Researchers have developed a digital audio platform that can modify the tone of the people who are talking, making them sound happier, sadder or fearful.

The interface of the software the team developed. Aucouturier et al.

It seems pretty surprising that we don’t know exactly what defines our emotional tone. In other words, we don’t know exactly what makes us sound happy, angry or nervous. Furthermore, we don’t really know how the tone we use influences ourselves; one of the first thing researchers observed was that the participants’ mood changed when they listened to their own, altered voices.

“Very little is known about the mechanisms behind the production of vocal emotion”, says lead author Jean-Julien Aucouturier from the French National Centre for Scientific Research (CNRS), France.

“Previous research has suggested that people try to manage and control their emotions, for example hold back an expression or reappraise feelings. We wanted to investigate what kind of awareness people have of their own emotional expressions.”

Aucouturier et al.

The study reports that participants were unaware that their voices were manipulated and didn’t realize this was happening even after listening to the recording. This seems to indicate that they weren’t even aware of the subtleties of their tone.

“The relationship between the expression and experience of emotions has been a long-standing topic of disagreement in the field of psychology”, says Petter Johansson, one of the authors from Lund University, Sweden. “This is the first evidence of direct feedback effects on emotional experience in the auditory domain.”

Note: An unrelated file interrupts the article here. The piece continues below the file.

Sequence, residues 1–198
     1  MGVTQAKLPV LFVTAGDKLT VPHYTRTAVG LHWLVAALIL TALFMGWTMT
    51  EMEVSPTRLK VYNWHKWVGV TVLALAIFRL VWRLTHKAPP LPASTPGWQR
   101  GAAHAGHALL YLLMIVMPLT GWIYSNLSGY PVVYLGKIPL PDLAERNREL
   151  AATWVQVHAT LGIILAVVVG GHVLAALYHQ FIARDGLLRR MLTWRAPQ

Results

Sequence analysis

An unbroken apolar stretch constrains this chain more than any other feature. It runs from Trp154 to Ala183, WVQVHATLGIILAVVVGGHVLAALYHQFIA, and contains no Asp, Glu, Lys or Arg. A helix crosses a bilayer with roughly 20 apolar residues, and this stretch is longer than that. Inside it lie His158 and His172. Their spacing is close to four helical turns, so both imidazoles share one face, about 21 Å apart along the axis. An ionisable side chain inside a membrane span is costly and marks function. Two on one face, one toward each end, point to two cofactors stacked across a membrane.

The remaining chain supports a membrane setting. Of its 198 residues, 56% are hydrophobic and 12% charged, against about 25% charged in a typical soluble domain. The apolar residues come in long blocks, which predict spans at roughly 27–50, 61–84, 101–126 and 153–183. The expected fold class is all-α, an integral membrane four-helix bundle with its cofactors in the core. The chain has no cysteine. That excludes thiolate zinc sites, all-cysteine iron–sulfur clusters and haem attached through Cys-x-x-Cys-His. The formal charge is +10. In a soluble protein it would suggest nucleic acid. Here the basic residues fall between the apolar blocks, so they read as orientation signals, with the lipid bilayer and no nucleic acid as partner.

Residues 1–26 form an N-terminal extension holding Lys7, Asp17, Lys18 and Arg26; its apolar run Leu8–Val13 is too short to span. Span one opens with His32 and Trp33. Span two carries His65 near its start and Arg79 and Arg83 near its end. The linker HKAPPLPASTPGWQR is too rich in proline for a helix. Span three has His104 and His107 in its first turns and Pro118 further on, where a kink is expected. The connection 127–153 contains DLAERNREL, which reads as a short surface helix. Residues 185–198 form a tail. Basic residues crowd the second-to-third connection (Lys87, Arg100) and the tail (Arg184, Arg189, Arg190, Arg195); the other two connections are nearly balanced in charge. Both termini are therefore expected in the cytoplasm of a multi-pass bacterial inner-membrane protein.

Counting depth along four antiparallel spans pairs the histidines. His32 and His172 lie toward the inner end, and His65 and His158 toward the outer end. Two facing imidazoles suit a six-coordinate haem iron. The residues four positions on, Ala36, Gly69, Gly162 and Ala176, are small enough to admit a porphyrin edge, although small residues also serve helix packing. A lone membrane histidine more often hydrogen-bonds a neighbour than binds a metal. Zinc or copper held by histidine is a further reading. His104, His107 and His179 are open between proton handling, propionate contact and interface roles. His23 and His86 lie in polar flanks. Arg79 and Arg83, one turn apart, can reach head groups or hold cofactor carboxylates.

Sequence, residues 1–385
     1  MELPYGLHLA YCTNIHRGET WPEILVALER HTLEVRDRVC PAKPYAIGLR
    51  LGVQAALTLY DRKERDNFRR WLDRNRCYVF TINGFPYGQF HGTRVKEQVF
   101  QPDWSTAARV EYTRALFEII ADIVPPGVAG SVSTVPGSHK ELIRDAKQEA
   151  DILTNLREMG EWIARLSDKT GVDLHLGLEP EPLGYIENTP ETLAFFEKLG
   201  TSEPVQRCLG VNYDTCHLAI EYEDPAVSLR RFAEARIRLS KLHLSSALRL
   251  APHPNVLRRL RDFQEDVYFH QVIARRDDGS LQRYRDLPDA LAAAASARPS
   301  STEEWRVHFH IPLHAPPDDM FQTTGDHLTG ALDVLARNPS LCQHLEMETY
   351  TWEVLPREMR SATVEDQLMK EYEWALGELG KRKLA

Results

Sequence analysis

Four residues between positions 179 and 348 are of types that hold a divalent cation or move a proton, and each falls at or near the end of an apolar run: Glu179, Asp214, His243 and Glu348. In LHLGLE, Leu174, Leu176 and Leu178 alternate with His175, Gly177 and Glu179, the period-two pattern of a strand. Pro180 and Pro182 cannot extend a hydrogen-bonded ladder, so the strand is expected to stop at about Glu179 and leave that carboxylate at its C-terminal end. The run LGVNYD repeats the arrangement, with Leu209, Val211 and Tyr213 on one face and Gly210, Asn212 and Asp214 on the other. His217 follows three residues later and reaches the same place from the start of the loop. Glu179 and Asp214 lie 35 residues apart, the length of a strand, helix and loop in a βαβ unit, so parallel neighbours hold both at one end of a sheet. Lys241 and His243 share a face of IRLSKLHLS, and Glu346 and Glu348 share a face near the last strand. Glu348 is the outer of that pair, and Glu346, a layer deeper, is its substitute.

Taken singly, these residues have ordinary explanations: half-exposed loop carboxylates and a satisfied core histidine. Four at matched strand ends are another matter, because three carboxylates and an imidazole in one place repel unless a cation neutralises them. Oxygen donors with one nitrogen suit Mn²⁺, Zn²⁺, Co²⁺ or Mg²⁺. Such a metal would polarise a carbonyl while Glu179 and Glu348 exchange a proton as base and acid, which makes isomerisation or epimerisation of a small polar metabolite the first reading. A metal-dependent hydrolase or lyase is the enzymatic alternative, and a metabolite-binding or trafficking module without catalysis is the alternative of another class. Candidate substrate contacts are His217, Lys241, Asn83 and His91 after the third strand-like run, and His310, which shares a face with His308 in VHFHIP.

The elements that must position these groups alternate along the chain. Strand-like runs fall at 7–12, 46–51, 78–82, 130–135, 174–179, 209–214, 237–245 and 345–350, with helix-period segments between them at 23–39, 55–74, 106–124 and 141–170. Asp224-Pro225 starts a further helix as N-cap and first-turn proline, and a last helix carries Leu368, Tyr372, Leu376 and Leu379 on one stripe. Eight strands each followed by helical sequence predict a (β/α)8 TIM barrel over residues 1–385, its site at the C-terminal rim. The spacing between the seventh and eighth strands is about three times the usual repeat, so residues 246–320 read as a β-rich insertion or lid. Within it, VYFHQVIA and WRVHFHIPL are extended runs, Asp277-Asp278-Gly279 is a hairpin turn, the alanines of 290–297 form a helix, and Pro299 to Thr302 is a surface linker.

The voice manipulation was done through algorithms that simulate distinct characteristics of our emotional vocalizations. This has been done before, but only on pre-recorded speeches – doing it on live speech is considerably more difficult.

“Previously, this kind of emotion manipulation has not been done on running speech, only on recorded segments”, explains Jean-Julien Aucouturier. “We are making a version of the voice manipulation platform available as open-source on our website, and we invite anyone to download and experiment with the tools.”

You can read more about this platform and experiment with it yourself here. Developped by Dr Marco Liuni and members of the CREAM Neuroscience Lab at Computer music center IRCAM in Paris (France), DAVID is open source, and it can transform your voice in real time. Named after Talking Heads’ frontman David Byrne, who was one of the early participants in the study, DAVID has a lot of potential applications – including in therapy. Because people’s moods can be influenced by how they hear themselves, therapists could record your voice, make you sound happier, and in turn that could actually make you feel happier.